Shalini Sharma

Fulbright Fellow

Fulbright Fellow, Center for Policy Research on Energy and the Environment. (C-PREE)

Area(s)

  • environmental social sciences- Cities
  • Climate and Culture. Media
  • memory and social movement studies

Biography

My work is located at the crossroads of environmental studies, cultural studies and urban studies. This includes my decade long engagement with the International Campaign for Justice in Bhopal and the Remember Bhopal Museum (which I helped set up as oral historian/trustee). This is India's first oral history based museum which is also co-curated by the affected community; also the first to address environmental justice -- jointly depicting the story of the world's worst industrial disaster and one of the longest running environmental justice movements. 

I hold a PhD from SOAS in development studies, where as a Felix Scholar I studied relations between media, memory and env justice movements. My interests gradually expanded from industrial disasters and access to justice in urban contexts to risks and vulnerabilities of indiscriminate urbanisation in ecologically fragile, biodiverse regions.

My current research focuses on climate justice and urbanisation in India. Last year, as Commonwealth Rutherford Fellow at the University of East Anglia I worked on indigenous urbanism. As Fulbright Fellow at Princeton, I am now extending this work to climate justice and urban infrastructure (smart cities and infrastructural corridors). Broadly speaking, my research falls within two interconnected themes with clear international mandate and potential for collaborative projects: 1) Neoliberal urbanisation and climate justice 2) Environmental heritage, justice and citizenship. Methdologically, I incline towards multimodality and political ecology approach with participatory, inclusive dissemination.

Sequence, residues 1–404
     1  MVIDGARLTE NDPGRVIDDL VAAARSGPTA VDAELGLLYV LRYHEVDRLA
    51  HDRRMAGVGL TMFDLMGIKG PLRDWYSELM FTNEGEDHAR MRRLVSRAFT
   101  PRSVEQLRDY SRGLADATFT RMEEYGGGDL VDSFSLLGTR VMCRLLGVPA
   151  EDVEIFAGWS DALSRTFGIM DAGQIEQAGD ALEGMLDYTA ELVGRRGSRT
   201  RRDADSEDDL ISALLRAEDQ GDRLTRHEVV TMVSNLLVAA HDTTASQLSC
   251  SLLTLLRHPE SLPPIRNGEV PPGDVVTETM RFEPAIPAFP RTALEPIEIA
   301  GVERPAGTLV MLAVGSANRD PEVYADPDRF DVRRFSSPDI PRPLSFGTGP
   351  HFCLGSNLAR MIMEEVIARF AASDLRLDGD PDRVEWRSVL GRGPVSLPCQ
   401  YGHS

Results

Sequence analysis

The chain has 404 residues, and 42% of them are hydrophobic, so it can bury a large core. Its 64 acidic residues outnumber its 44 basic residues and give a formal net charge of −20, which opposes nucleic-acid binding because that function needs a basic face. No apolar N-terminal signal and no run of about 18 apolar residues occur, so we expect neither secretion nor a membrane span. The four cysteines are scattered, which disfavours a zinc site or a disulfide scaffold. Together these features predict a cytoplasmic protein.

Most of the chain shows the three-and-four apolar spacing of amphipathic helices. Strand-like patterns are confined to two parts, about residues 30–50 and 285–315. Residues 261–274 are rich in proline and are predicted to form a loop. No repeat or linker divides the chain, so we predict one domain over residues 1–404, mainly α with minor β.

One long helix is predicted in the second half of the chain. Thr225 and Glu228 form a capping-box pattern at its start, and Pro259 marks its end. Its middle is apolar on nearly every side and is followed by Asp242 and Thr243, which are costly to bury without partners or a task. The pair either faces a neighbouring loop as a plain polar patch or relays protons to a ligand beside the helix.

This builds on my previous work at the Tata Institute of Social Sciences, Guwahati (where majority students came from indigenous communities) and my ongoing role as a visiting fellow at the UNESCO C2C on World Natural Heritage Management and Training For Asia Pacific Region. As a feminist researcher and activist, I strive to intervene in the production and politics of knowledge, and remain committed to support communities I work with.